A sturdy tripod is desirable, especially if there is some wind on the night but mine only cost me £20, as I thought I would hardly use it when night shoots were in their infancy. However it does have a hook low down where you can hang your camera bag for extra weight and stability and not extending the neck too far also helps but you need to pray that it is not too windy on the night.
MC hammer

Re: Night shoots for a novice!

Postby tankbuster on Mon 26 Sep 2016, 10:30 pm

flashman8 wrote:I went to Coventry a few years ago for a night shoot there, and this is one of the results............ :wink:

Image

You will need a sturdy tripod.......

The settings for this image are as follows
Using aperture priority, 800ISO, F5.6, 1/2sec exposure, 20mm on a Sigma 10-20 lens.

hope this helps............ :biggrin:




I would say 800 iso is pointless on night shoots if you are using a tripod. Your lowest ISO will invariably give you best results.
Trevor C
recent and not so recent pictures here https://trevorc28a.wixsite.com/trevspics
User avatar
tankbuster

Re: Night shoots for a novice!

Postby jalfrezi on Tue 27 Sep 2016, 7:58 am

tankbuster wrote:I would say 800 iso is pointless on night shoots if you are using a tripod. Your lowest ISO will invariably give you best results.


Sorry, but I have to disagree with that statement, in an ideal world you would shoot at the lowest ISO possible, however, if your subject could move at any time then I'd go for a shorter shutter speed to make sure I got the shot. Depending on the camera, the noise at 800 ISO is easily manageable in post processing.
User avatar
jalfrezi
UKAR Staff

Re: Night shoots for a novice!

Postby Pen Pusher on Tue 27 Sep 2016, 11:42 am

The Future Of Photography Is Mirrorless

DUXFORDfotoGALLERY
DfG on Facebook
User avatar
Pen Pusher

Re: Night shoots for a novice!

Postby wallace on Tue 27 Sep 2016, 2:02 pm

800ISO at 1/2 sec equates 100 ISO at 4 seconds or 8 seconds at f/8, ISO 100
The ability to think exposures using the three elements ISO, aperture and shutter speed pays dividends when you are out in the dark, on a cold night, wishing you were somewhere warm.

Shooting at a fast ISO is good for making test shots, sometimes saving minutes, so it has its uses.

Another wee trick is to use a small piece of Blu-tak to cover the eyepiece on long exposures to stop light getting into the camera through the back door.
Another is to keep the use of a torch to an absolute minimum, shielding its light with your fingers to keep light levels as low as possible - all to save your night vision. Being able to operate your camera by feel will also pay dividends.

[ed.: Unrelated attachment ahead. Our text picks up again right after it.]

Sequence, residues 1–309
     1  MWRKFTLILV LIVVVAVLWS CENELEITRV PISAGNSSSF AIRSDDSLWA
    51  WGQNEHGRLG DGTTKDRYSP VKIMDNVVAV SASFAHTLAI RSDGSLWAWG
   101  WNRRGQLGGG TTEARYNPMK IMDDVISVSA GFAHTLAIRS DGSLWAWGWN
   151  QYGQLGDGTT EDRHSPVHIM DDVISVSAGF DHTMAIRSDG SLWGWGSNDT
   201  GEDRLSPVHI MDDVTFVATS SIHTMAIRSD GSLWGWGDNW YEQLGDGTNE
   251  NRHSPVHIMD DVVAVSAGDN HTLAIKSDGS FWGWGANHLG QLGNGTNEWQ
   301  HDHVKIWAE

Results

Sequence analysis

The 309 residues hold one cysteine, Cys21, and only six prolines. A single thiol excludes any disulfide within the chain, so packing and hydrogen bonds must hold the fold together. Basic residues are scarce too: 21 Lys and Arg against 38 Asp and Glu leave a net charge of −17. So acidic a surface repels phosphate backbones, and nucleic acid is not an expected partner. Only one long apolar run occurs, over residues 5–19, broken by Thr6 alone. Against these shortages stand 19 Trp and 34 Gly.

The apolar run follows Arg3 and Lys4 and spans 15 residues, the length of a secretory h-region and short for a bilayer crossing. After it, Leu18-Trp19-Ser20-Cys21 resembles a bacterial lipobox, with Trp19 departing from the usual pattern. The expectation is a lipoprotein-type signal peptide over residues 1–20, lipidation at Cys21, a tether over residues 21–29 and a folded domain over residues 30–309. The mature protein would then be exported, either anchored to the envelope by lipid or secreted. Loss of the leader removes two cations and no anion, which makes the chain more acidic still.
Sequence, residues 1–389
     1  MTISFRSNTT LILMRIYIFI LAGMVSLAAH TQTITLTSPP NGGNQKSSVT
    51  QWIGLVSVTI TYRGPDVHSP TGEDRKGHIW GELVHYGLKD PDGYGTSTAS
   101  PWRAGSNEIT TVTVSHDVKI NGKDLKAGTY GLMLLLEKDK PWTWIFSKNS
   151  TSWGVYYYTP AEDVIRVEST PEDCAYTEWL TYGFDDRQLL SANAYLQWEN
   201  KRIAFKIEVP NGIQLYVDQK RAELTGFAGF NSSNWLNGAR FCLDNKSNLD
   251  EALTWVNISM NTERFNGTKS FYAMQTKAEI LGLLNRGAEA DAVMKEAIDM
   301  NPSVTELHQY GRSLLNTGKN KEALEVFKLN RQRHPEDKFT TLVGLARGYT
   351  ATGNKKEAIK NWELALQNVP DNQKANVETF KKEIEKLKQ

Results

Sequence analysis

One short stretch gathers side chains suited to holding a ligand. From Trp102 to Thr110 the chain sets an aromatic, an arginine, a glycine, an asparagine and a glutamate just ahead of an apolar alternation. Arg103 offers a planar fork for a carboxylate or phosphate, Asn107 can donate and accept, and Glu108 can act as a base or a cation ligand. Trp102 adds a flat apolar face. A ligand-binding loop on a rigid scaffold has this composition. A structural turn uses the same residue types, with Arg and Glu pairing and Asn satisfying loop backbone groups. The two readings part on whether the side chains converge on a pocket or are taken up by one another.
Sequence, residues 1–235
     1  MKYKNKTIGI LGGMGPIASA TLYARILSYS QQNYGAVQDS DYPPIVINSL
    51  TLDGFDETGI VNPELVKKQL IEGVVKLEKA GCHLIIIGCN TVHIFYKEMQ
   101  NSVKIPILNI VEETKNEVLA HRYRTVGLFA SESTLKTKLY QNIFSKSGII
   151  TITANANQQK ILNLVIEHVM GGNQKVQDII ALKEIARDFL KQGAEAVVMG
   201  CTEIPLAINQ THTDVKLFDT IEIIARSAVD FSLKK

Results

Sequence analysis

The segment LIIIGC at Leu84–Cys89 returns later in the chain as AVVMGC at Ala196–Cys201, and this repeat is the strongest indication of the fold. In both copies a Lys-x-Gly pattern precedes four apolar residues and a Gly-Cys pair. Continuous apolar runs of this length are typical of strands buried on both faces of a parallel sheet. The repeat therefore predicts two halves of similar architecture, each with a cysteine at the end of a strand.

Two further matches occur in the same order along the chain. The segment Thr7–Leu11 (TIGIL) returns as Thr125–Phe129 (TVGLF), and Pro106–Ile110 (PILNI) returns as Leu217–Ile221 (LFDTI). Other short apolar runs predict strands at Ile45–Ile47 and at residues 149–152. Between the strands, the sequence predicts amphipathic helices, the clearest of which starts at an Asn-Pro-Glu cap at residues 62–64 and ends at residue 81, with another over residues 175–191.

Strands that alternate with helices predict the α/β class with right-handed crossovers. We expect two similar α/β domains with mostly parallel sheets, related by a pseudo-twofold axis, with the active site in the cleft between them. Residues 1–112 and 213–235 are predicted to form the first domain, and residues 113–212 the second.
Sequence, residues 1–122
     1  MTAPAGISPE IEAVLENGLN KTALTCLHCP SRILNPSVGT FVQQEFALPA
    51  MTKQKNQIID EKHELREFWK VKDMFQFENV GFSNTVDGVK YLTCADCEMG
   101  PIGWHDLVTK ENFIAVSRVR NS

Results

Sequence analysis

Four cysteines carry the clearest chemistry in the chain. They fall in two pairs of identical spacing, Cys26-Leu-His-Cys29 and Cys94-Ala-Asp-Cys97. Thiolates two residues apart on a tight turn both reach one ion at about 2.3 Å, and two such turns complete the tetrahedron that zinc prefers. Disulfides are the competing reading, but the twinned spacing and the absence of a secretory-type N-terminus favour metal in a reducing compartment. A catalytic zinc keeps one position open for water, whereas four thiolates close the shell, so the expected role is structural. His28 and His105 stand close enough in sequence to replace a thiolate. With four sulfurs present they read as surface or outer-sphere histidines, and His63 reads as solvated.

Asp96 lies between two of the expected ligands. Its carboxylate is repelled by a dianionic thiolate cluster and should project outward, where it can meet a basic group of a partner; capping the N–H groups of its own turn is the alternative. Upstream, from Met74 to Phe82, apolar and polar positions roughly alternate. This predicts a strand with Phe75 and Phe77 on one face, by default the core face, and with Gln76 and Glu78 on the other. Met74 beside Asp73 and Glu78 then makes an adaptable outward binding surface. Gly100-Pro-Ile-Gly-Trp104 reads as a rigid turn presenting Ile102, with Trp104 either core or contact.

Another is turning the in-camera noise reduction off as it effectively doubles your exposures, one tends to loose the momentum of night shooting when one is waiting on a blank exposure running its course. In saying that, it does have its uses, so don't rule it out completely.

It's all just practice and experimentation... and learning from ones mistakes.

In the end it does not matter what ISO one uses so long as you get a result that you are happy with.
User avatar
wallace

Re: Night shoots for a novice!

Postby AndyXH558 on Sun 02 Oct 2016, 9:58 pm

This is what i do. i put it on AV and set it on F8 which seems the sweet spot of the Canon cameras and ISO of 200. that will reduce any noise you might get. If you look at the themed page Night owls. you will see what can be done with that setting.

Get yourself a good tripod and if you can and a shutter release cable too.

Hope that helps you out. and i hope you will enjoy it. Any more help just pm me.
User avatar
AndyXH558

Re: Night shoots for a novice!

Postby Maisie on Sun 02 Oct 2016, 11:57 pm

Everyone is different.. I wanted to shoot at f/10 for this, so it was nice and sharp... but due to other people being around using large lamps for a calendar shoot I had to be quick as all my shots were getting ruined, so I had to shoot at f/4 for a quick exposure. Best advice is above, go out with a tripod & learn your camera. Shoot what ever you can find, a church, a motorway, a lit up building.... it's the best way. Use liveview if the 100D has it (I can't remember), it helps with framing.. You don't *need* a remote, I use the timer on the camera, but a remote is good to use.

Image
6D | 7D | 60D
11-16 f/2.8 | 24-105 IS L | 70-300 IS USM | 50 f/1.4 | 100 f/2.8 | 400 f/5.6
Maisie


Return to Photography Hints, Tips & Questions

Who is online

Users browsing this forum: Google [Bot] and 8 guests